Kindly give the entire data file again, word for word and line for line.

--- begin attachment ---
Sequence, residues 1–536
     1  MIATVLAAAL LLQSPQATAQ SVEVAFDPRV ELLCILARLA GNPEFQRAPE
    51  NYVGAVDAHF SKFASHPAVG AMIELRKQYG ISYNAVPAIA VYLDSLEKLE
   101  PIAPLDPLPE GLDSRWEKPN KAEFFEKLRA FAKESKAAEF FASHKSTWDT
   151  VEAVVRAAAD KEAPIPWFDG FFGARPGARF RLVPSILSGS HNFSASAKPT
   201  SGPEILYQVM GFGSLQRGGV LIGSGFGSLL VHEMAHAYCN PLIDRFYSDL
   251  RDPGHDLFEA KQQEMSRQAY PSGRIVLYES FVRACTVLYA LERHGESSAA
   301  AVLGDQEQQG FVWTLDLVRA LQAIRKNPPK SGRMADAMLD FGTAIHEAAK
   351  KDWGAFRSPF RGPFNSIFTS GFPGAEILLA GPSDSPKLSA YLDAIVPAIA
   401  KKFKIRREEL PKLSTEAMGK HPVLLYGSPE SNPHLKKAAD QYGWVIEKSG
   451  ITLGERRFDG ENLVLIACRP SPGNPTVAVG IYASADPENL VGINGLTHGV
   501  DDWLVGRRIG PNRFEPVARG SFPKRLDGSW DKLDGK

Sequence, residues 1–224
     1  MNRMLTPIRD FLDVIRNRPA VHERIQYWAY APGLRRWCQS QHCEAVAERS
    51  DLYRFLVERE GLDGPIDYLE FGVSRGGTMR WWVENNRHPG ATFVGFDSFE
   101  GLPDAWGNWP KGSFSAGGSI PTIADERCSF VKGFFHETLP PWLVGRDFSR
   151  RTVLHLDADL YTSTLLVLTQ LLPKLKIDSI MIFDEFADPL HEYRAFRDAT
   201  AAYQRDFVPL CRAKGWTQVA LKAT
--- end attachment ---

Sequence, residues 1–536
     1  MIATVLAAAL LLQSPQATAQ SVEVAFDPRV ELLCILARLA GNPEFQRAPE
    51  NYVGAVDAHF SKFASHPAVG AMIELRKQYG ISYNAVPAIA VYLDSLEKLE
   101  PIAPLDPLPE GLDSRWEKPN KAEFFEKLRA FAKESKAAEF FASHKSTWDT
   151  VEAVVRAAAD KEAPIPWFDG FFGARPGARF RLVPSILSGS HNFSASAKPT
   201  SGPEILYQVM GFGSLQRGGV LIGSGFGSLL VHEMAHAYCN PLIDRFYSDL
   251  RDPGHDLFEA KQQEMSRQAY PSGRIVLYES FVRACTVLYA LERHGESSAA
   301  AVLGDQEQQG FVWTLDLVRA LQAIRKNPPK SGRMADAMLD FGTAIHEAAK
   351  KDWGAFRSPF RGPFNSIFTS GFPGAEILLA GPSDSPKLSA YLDAIVPAIA
   401  KKFKIRREEL PKLSTEAMGK HPVLLYGSPE SNPHLKKAAD QYGWVIEKSG
   451  ITLGERRFDG ENLVLIACRP SPGNPTVAVG IYASADPENL VGINGLTHGV
   501  DDWLVGRRIG PNRFEPVARG SFPKRLDGSW DKLDGK

Sequence, residues 1–224
     1  MNRMLTPIRD FLDVIRNRPA VHERIQYWAY APGLRRWCQS QHCEAVAERS
    51  DLYRFLVERE GLDGPIDYLE FGVSRGGTMR WWVENNRHPG ATFVGFDSFE
   101  GLPDAWGNWP KGSFSAGGSI PTIADERCSF VKGFFHETLP PWLVGRDFSR
   151  RTVLHLDADL YTSTLLVLTQ LLPKLKIDSI MIFDEFADPL HEYRAFRDAT
   201  AAYQRDFVPL CRAKGWTQVA LKAT